The Mighty Logo

How ‘Only Murders in the Building’ Nailed Dissociation With This Analogy

The most helpful emails in health
Browse our free newsletters

My entire life I’ve had what I can only describe as a type of dissociative amnesia. I have periods of my childhood in particular that I cannot recall at all. It always bothered me and made me feel like something was desperately wrong with me. I understood logically that trauma can result in dissociation as a coping strategy enabling us to tolerate an experience during which we feel unsafe or out of control. However, it was difficult to explain to others why I don’t have any memory of their wedding, 16th birthday party or the time we performed at a special event at Disneyland when we met XYZ celebrity.

• What is PTSD?

It is through the prism of this lens of my own dissociative narrative that I viewed Season 2 Episode 7 of the Hulu original “Only Murders in the Building” entitled “Flipping the Pieces.” This episode follows the traumatic childhood of character Mabel Mora, played by Selena Gomez, and her own history of repeated dissociation whenever she feels like something is too much or too difficult for her to handle. Her trauma began as a child when at the age of 7 her father passed away due to stomach cancer. Her parents chose not to tell her what was happening because they thought that would protect her.

It had the exact opposite effect by causing her to flip the pieces of the jigsaw puzzle in her mind so she couldn’t see the memory anymore. She notes that throughout her adult life she has continued this process of pushing traumatic things away and that it may have worked as a child, but it certainly hasn’t served her well as an adult.

As a jigsaw puzzle aficionado myself, I thought this description of dissociation as an upside-down jigsaw puzzle was absolutely brilliant. The image depicted by a 1000-piece jigsaw puzzle takes tremendous patience and commitment on the part of the person assembling it to reveal itself. But if the puzzle is upside down, the revelation is even more challenging. Not only are you not working with any clues, you are basically operating within the confines of a blank slate. Extrapolating this to the concept of dissociation… if the puzzle itself is our memory and each piece a fragment of that memory, rendering the memory blank with just fragmented pieces that don’t make any sense together in any kind of narrative way offers an extremely tangible means of explaining what dissociation feels like to someone who has never experienced it.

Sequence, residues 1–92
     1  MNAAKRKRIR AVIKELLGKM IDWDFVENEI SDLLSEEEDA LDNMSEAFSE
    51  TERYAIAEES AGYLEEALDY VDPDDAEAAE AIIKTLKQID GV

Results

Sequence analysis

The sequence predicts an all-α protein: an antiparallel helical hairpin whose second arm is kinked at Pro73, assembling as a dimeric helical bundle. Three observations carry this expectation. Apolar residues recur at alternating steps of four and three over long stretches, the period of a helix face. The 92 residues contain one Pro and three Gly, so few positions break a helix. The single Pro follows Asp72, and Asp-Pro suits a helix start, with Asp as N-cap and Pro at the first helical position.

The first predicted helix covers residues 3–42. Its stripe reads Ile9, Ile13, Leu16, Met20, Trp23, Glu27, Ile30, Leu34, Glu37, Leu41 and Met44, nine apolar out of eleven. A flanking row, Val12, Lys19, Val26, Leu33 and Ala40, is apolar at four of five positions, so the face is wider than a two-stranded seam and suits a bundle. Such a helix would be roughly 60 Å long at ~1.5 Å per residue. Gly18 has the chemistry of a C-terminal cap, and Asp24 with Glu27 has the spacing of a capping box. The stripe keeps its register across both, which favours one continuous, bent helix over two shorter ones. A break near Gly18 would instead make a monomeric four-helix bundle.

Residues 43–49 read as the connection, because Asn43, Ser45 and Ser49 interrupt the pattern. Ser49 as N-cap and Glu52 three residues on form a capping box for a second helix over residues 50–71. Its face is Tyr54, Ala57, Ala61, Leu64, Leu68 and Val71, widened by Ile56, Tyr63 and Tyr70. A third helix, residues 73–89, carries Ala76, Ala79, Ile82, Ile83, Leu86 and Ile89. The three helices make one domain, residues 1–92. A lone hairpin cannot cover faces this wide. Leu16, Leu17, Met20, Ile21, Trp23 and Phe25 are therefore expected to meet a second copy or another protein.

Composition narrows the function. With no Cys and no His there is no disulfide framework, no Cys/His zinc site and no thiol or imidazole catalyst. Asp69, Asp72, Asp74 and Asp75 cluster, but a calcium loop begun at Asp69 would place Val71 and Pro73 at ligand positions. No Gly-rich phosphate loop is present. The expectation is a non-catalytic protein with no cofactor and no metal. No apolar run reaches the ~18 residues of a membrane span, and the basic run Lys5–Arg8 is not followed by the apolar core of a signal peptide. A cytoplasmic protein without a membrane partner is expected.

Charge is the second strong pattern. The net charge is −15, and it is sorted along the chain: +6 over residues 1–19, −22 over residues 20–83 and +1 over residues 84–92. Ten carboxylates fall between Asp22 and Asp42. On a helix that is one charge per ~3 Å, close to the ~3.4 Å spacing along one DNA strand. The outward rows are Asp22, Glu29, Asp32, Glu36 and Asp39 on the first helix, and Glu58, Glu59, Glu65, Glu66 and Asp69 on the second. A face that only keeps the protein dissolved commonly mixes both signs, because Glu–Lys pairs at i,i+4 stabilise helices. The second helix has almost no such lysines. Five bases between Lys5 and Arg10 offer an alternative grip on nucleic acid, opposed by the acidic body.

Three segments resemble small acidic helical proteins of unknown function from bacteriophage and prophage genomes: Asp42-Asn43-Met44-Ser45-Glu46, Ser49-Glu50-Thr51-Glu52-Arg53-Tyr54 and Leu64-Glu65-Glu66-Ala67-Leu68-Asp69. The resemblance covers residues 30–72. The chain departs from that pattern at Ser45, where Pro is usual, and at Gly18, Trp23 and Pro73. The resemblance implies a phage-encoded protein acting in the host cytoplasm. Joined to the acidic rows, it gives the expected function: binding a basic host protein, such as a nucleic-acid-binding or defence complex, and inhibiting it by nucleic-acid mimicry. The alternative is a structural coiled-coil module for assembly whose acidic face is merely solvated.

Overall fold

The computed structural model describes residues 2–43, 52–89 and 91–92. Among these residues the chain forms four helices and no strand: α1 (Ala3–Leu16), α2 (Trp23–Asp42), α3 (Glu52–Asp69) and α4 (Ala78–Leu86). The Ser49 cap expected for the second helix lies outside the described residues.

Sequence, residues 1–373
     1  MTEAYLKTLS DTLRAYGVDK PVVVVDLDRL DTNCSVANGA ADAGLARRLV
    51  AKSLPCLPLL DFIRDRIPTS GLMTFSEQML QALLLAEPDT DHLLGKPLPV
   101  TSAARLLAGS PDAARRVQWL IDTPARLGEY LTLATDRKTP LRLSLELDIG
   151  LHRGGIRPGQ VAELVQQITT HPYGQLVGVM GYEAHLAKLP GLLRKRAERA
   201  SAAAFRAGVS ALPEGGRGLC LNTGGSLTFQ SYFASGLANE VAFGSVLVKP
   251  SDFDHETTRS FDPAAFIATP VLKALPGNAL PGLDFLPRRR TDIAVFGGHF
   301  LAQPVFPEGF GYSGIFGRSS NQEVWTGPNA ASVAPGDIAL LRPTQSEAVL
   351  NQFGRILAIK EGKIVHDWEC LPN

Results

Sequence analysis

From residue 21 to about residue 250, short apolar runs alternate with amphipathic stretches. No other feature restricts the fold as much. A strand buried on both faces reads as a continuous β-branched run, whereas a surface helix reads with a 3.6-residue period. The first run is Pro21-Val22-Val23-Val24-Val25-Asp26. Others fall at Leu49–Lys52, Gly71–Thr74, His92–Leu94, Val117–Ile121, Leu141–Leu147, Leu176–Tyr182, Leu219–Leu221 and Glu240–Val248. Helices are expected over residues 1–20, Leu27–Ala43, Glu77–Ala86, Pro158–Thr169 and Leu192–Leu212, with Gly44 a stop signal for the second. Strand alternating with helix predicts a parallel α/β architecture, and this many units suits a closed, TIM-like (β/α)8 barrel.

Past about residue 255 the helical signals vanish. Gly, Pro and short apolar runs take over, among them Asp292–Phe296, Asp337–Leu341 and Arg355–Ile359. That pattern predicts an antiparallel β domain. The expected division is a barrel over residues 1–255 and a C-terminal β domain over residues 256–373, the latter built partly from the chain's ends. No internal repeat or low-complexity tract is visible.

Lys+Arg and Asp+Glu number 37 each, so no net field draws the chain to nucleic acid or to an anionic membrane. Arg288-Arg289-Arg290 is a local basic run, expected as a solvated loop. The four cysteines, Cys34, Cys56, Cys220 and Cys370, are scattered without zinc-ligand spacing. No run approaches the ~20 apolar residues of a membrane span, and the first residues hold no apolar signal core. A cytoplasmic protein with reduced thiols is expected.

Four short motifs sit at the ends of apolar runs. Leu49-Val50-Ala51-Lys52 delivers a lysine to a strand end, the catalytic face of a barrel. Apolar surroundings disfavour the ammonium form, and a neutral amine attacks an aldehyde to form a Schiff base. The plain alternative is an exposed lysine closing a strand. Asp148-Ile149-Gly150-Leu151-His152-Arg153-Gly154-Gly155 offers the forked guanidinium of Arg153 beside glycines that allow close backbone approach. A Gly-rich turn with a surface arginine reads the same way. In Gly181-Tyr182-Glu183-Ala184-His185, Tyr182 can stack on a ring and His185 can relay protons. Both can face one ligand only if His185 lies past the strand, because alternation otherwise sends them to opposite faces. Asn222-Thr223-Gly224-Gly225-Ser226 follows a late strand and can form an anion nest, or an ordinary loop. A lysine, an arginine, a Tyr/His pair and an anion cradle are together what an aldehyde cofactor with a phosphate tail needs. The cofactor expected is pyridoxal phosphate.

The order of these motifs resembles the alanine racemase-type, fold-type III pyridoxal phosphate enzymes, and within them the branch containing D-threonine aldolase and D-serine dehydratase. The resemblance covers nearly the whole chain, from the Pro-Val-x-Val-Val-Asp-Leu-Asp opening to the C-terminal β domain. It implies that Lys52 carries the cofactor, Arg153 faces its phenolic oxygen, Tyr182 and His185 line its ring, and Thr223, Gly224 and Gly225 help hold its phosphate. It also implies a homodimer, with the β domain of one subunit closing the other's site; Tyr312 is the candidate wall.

The jigsaw puzzle concept continues to be useful in terms of processing traumatic memories, particularly where eye movement desensitization and reprocessing (EMDR) is concerned. I found that the EMDR protocol itself involved identifying a traumatic memory (the puzzle), carefully addressing specific fragments of the memory, such as a smell or taste associated with it (flipping the puzzle pieces), and then slowly putting the narrative of that memory together to understand it more completely and help it feel less painful (assembling the puzzle). This process is lengthy, exhausting, and can often be frustrating as we begin to work through the process, first working around the edges of the memory and then bit by bit finding patterns and colors that go together eventually revealing the whole picture.

And often with someone who has complex post-traumatic stress disorder (C-PTSD), or multiple traumatic experiences throughout childhood, this process has to be repeated over and over again. It’s like doing one jigsaw puzzle after another after another until all the memories and puzzles have been completed. And even when you feel that you have finished the big puzzles, smaller puzzles might emerge, or even three-dimensional ones linking multiple memories together.

And if doing puzzles isn’t something you enjoy, think of your therapist as the puzzle master. They are there to help you sort through the pieces and group them together so that assembling them is easier and less overwhelming. You just have to trust that even if they don’t have the final picture to look at to guide them along, they are uniquely trained and skilled at identifying patterns that link together, eventually bringing the whole image into stark relief. And once you are finished assembling the pieces, they will reflect on the image with you without judgment, admiring your tenacity and courage to persist in spite of the difficulty level of your personal puzzle.

I’m kind of geeking out here, but honestly this analogy just hit me in my sweet spot. It synthesized a very complex idea in a very clear way that has eluded me up until this point so I want to share it with the world. No matter your affinity toward or disdain of puzzles, there’s no denying that this way of describing dissociation could be a game changer where communication with our loved ones who may not have any experience with it is concerned. I hope you find it as useful as I do. And, I hope it helps you to view your own experience in a way that might help dissociation feel less like there’s something wrong with you and more like you have a brilliantly clever brain that is capable of protecting you when being in the here and now is too overwhelming.

Lead image via Hulu’s Youtube Channel

Originally published: August 20, 2022
Want more of The Mighty?
You can find even more stories on our Home page. There, you’ll also find thoughts and questions by our community.
Take Me Home